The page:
Berean Studies / Ber06 - Brotherly Kindness (Brotherly Love)
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Single Click a triangle below to see the references CT Russell selected for the associated question. The study questions (with the references) are also included as an attached Adobe PDF file at the bottom of this page.
1. What is the ‘new commandment’ given by Christ to his disciples?
2. What is brotherly love?
3. Who are our ‘brethren’?
4. Why is the manifestation of brotherly kindness so necessary ?
5. Is it important that we observe the spirit as well as the form of our Lord's command?
6. Why do the Lord’s ‘brethren’ need no ‘outward passwords, grips or badges’?
7. How is our love for God measured by our love for ‘the brethren’?
8. Can we fellowship all ‘the brethren’ alike?
9. Should we always expect to have our manifestations of brotherly kindness received in the same spirit?
10. How are the comfort and peace of the Church dependent upon the manifestation of this grace?
R3436 col. 2 ¶4
R3436 [col. 2 ¶4]:
Finally, we notice that the Apostle implies, in some of his statements, that the comfort and peace of the Church are dependent largely upon unity of the Spirit of the Lord in the various members: and that we from experience should note that this is the case. He says, "Finally, brethren, farewell. Be perfect, be of good comfort, be of one mind, live in peace; and the God of love and peace shall be with you." (2 Cor. 13:11.) And again (Phil. 2:1,2), "If there be any consolation [comfort] in Christ, if any comfort of love, if any fellowship of spirit, if any bowels and mercies, fulfil ye my joy, that ye be likeminded, having the same love, being of one accord, of one mind." What exhortations these are to unity, peace, brotherly kindness! How they suggest to us patience, forbearance, gentleness, helpfulness and comfort one toward another in the Church; that thus the Spirit of the Lord may abound in all, that each may make the greatest possible progress in the right way. Dear brethren and sisters, let us more and more be worthy of the name Barnabas--Comforter of the brethren. Let us have the holy Spirit abounding in us more and more, for this is the Lord's good pleasure; that with it dwelling in us richly we may be all sons and daughters of comfort in Zion, representatives of our Father, and channels of the holy Spirit, as well as of the Truth.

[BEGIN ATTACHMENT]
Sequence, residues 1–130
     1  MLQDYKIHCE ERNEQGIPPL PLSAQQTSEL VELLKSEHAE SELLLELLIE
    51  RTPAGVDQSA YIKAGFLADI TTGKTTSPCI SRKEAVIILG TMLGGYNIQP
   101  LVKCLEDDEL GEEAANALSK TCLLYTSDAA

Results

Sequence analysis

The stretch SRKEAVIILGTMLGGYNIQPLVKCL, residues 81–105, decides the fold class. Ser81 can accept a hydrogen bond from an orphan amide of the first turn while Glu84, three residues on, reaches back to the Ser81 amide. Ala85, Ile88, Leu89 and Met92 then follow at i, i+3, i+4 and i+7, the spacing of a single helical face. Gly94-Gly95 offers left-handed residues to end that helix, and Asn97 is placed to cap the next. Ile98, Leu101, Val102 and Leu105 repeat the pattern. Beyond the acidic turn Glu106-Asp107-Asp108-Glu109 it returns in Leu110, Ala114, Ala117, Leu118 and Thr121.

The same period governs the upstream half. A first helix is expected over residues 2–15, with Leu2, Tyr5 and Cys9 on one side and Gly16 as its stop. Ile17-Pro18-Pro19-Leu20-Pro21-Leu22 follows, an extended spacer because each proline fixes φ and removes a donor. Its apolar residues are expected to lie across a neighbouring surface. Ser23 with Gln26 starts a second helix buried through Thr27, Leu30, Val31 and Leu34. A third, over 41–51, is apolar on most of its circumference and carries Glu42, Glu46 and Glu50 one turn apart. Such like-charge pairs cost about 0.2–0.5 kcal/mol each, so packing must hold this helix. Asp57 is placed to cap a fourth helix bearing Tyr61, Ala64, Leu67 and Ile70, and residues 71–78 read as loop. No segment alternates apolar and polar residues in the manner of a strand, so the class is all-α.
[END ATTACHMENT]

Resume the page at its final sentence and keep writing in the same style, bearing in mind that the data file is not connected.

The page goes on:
11. How should brotherly love exercise itself in seeking opportunities for service?
12. How should brotherly love manifest itself ‘in honor preferring one another’?
13. How should we ‘consider one another to provoke unto love and to good works’?
14. How will brotherly love exercise itself in ‘laying down our lives for the brethren’?
15. How should we manifest brotherly kindness toward the weaker brethren?
16. How will brotherly love sympathize with the more demonstrative brethren?
17. How should brotherly kindness deal with the self-seeking ?
18. How will brotherly kindness deal with brethren who lack self- control?
19. How should brotherly kindness seek to avoid ‘busy- bodying’?
20. How should brotherly love control the tongue?
21. How should brotherly love treat a slanderous report against an elder or other brethren?
22. How should the Church exercise brotherly kindness toward those who ‘walk disorderly’?
23. How should the elders exercise brotherly love in reproving the ‘unruly’?
24. How may we avoid judging one another as individuals ?
25. How should brotherly kindness be exercised toward brethren who have doctrinal ‘hobbies’?
Ro 14:1; F317 ¶1 and 318 ¶1
Romans 14:1 Him that is weak in the faith receive ye, but not to doubtful disputations.
F317 [¶1] through F318 [¶1]: